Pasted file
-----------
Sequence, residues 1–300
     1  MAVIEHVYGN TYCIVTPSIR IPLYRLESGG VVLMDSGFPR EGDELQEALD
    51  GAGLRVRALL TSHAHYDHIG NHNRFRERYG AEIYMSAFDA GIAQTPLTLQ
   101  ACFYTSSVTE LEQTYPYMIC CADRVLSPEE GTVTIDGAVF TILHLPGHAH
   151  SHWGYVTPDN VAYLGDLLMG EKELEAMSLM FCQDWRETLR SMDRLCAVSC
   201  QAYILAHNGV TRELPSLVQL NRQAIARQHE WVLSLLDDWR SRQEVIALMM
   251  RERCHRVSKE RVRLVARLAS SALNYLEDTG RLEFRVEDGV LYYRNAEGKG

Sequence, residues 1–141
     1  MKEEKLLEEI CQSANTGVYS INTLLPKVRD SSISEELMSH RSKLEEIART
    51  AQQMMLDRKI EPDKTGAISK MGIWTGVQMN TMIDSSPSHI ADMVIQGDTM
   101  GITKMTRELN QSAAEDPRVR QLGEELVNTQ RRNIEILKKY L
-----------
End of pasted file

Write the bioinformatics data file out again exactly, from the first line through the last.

Sequence, residues 1–300
     1  MAVIEHVYGN TYCIVTPSIR IPLYRLESGG VVLMDSGFPR EGDELQEALD
    51  GAGLRVRALL TSHAHYDHIG NHNRFRERYG AEIYMSAFDA GIAQTPLTLQ
   101  ACFYTSSVTE LEQTYPYMIC CADRVLSPEE GTVTIDGAVF TILHLPGHAH
   151  SHWGYVTPDN VAYLGDLLMG EKELEAMSLM FCQDWRETLR SMDRLCAVSC
   201  QAYILAHNGV TRELPSLVQL NRQAIARQHE WVLSLLDDWR SRQEVIALMM
   251  RERCHRVSKE RVRLVARLAS SALNYLEDTG RLEFRVEDGV LYYRNAEGKG

Sequence, residues 1–141
     1  MKEEKLLEEI CQSANTGVYS INTLLPKVRD SSISEELMSH RSKLEEIART
    51  AQQMMLDRKI EPDKTGAISK MGIWTGVQMN TMIDSSPSHI ADMVIQGDTM
   101  GITKMTRELN QSAAEDPRVR QLGEELVNTQ RRNIEILKKY L